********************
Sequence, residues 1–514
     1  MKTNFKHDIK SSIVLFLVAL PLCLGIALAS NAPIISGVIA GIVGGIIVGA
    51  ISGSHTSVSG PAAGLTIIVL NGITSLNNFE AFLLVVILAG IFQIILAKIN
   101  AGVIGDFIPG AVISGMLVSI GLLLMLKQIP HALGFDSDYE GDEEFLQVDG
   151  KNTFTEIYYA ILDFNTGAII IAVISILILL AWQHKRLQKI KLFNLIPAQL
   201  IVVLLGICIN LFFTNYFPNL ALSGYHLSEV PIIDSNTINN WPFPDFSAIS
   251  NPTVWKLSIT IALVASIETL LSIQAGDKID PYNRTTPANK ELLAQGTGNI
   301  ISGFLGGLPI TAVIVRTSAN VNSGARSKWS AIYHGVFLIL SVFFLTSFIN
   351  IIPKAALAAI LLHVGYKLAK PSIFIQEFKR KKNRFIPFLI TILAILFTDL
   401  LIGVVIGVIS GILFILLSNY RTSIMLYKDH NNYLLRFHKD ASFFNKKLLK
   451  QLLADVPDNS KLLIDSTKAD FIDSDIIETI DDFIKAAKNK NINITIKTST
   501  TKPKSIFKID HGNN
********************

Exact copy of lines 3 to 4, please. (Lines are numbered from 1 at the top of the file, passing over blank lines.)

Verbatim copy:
    51  ISGSHTSVSG PAAGLTIIVL NGITSLNNFE AFLLVVILAG IFQIILAKIN
   101  AGVIGDFIPG AVISGMLVSI GLLLMLKQIP HALGFDSDYE GDEEFLQVDG